Tribal communities are reintroducing and reclaiming indigenous foods across the United States and many communities are starting with their youngest.
“Our babies are precious little humans entrusted in our care,” said Sharon Day, executive director of the Indigenous People’s Task Force, based in Minneapolis. “Part of caring for them the best we know how is to feed them the gifts that came from where we live. Babies need security and food security is an important piece of that.”
Day spoke at this year’s First Things First Early Childhood Summit on the topic of indigenous food sovereignty and the importance of introducing indigenous foods to children at a young age.
First Things First (FTF), Arizona’s early childhood agency, partners with several Arizona tribes to support the introduction of indigenous foods to their communities’ babies, toddlers and preschoolers. These partnerships include distributing blue corn to Navajo Nation families through a food assistance program to offering parent education classes, which includes cooking with traditional foods in the Cocopah Tribe.
In the FTF San Carlos Apache Region, parents of young children can sign up for a nutrition class called, Eating Smart and Being Active. The virtual classes are held weekly for one and a half hours over nine weeks. The classes cover nutrition, food safety, cooking with young children and physical activity with kids.
In choosing to focus efforts on this nutrition and physical activity strategy, the regional partnership council was guided by the Apache way of life. This teaches that the best health stems from using a sense of Shił Gozhόό in teaching about and eating nutritious food with our children and by attaining a state of Gozhόό by living an active and healthy lifestyle. The sense of Shił Gozhόό is the sense of happiness and contentment that comes from understanding the balance between oneself, one’s family, one’s community and the land.
For Day, her hope is for tribal communities to see a return to the food traditions that kept indigenous people healthy in body, mind and spirit. Especially in a time when Native Americans are more likely to have chronic health problems like diabetes and heart disease.
“We used to send runners to run 50 miles a day, who among us can do that today? We had low-fat diets,” she said. “We ate the foods that were provided to us (by the earth). The animals that we ate, in this area, it’s rabbits, deer, those foods are lean meat. My cousin used to tell me, ‘humans, we’re the only people that have to be told what to eat.’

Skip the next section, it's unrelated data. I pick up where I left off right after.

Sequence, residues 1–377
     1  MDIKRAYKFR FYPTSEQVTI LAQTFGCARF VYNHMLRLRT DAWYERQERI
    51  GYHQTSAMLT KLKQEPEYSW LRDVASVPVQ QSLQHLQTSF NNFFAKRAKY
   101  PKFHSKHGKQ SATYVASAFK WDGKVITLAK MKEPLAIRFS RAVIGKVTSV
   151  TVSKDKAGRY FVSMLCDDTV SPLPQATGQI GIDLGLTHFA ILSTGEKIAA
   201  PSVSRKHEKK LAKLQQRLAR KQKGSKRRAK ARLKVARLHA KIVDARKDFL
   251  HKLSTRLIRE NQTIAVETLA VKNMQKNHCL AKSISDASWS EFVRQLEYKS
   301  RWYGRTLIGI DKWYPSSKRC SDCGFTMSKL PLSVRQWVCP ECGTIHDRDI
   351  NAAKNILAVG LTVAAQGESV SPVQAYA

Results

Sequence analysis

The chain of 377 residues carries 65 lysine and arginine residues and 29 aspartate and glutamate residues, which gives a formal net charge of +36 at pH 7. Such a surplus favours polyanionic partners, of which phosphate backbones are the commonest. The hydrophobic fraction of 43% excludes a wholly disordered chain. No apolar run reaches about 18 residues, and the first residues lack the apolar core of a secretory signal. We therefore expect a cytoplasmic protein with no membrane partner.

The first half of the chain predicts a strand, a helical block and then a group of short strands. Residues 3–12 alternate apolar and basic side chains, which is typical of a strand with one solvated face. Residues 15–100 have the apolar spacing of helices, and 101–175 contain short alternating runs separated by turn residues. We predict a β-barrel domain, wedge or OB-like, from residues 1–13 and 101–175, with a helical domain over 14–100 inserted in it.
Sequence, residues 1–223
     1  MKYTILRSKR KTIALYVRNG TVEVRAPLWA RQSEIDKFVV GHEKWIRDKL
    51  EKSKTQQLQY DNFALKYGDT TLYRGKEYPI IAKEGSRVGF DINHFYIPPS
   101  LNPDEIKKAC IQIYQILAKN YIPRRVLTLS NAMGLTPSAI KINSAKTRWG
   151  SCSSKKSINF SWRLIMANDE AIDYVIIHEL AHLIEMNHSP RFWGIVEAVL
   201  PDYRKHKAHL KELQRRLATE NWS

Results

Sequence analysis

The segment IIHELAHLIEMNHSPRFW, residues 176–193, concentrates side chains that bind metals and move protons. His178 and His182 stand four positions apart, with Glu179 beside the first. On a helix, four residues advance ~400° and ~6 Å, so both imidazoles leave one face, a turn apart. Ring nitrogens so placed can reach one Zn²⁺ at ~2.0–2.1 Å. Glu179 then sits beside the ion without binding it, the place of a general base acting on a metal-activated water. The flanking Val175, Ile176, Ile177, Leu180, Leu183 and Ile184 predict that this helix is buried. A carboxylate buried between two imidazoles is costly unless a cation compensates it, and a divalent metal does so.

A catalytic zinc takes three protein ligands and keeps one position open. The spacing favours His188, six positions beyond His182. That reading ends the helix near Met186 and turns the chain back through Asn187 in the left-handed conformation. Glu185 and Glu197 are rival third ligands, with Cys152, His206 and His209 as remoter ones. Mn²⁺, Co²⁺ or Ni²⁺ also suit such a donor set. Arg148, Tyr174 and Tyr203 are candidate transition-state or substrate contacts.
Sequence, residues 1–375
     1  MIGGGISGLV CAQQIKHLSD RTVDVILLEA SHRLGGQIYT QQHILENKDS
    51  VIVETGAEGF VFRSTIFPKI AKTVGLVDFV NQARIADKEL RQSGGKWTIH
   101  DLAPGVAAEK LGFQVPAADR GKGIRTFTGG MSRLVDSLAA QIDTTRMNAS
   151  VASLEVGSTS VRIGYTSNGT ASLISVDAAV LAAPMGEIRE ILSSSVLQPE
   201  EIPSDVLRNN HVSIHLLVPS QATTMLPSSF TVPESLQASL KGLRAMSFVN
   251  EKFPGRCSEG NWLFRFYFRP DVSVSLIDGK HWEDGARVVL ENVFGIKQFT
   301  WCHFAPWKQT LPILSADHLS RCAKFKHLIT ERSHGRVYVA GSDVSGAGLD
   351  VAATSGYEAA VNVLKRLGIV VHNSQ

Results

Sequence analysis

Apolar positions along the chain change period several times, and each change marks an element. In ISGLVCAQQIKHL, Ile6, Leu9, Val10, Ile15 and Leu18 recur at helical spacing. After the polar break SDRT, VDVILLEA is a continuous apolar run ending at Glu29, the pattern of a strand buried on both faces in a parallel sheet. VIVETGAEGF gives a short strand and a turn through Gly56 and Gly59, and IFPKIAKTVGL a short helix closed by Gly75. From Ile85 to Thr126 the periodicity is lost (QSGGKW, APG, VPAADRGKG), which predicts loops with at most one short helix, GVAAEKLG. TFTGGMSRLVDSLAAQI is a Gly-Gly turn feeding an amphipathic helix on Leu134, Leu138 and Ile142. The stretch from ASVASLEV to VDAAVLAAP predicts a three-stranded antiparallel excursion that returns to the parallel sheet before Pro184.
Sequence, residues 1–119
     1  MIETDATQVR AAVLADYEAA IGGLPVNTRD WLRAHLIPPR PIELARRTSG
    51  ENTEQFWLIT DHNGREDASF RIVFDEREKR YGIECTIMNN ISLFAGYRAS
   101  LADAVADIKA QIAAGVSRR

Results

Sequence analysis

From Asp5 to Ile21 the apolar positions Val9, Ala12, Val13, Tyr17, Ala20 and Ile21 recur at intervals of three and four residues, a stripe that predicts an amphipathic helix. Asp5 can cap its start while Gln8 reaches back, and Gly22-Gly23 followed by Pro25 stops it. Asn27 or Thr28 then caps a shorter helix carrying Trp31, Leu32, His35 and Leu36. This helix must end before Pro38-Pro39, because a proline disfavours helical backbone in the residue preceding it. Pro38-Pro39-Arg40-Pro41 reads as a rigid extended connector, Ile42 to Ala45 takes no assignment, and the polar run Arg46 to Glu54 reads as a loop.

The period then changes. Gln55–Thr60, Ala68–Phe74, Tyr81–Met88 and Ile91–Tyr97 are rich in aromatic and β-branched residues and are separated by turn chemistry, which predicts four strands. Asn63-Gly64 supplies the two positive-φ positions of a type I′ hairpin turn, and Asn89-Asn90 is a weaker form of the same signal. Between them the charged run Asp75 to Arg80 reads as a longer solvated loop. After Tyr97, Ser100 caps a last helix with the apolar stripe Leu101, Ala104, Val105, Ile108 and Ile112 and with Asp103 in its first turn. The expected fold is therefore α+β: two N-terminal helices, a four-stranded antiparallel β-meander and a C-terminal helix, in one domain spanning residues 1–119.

“Animals, they know what to eat. Rabbits eat the bark off the tiny branches hanging down. The deer they ate the leaves and fruit from the trees. So when the animals ate those medicines and we made an offering and caught one of those animals and we ate it, we benefitted from those medicines.”
Day wants parents of babies, toddlers and preschoolers to know where their child’s food comes from.
“If you don’t introduce sugar, salt and fat into a baby’s diet, they’re not going to crave that,” Day said.
Teaching people to eat healthy is the goal of some programs of the Indigenous People’s Task Force, including a focus on prenatal health and the importance of nursing an infant.
“A mother needs to be eating healthy foods because what she eats, that’s the nutrition for the baby,” she said. “And when the baby is born, through the breast milk, that baby is getting those healthy foods.”
The organization has also started a line of baby foods, called Indigi-Baby, made from traditional foods such as wild rice, squash, rutabaga and parsnips.
Twila Cassadore has been helping to reintroduce traditional indigenous foods and food foraging and preparation methods back into the Apache community for years. She’s a cultural project assistant for the San Carlos Apache Tribe’s Traditional Western Apache Diet Project.
Cassadore takes Apache families from White Mountain Apache, Tonto Apache, Camp Verde Apache and San Carlos Apache out into nature and talks about the food landscape and the native species of plants and animals found in the area. She acknowledges that Western colonization and easy access to foods filled with preservatives makes her job harder.
“Traditional foods take a lot of work, effort and time,” Cassadore said. “But the communities do still have a connection, whether through traditional ceremonies or family gatherings, it’s not completely lost.”
She tells people that reconnecting with the land means reconnecting with yourself.
Part of helping make indigenous foods a part of everyday life is showing how to incorporate traditional foods into their diets through modern day cooking, in foods like salad dressings, breads and puddings. Cassadore calls it combining yesterday with today.
“I grew up with my grandma and she was a very traditional woman,” Cassadore said. “I grew up not ever really going to the grocery store. We had livestock cattle, horses, pigs, sheep and wild game in our freezer. That was my everyday living.”
She takes families out all year because everything is seasonal.
“We go out collecting different plants, small game hunting,” Cassadore said. “Right now we’re at the end of prickly pear season and the barrel cactus is looking nice.”
One of her favorite parts of her job is connecting with parents of young children.
“The young parents are very interested in learning about these foods. They see the process of collecting the traditional way. You’re using your senses and being mindful. You respect the land and respect what is naturally offered. We talk about not to take more than what you need and take only what you need because other relatives — birds, wildlife — they need the land and water, also.”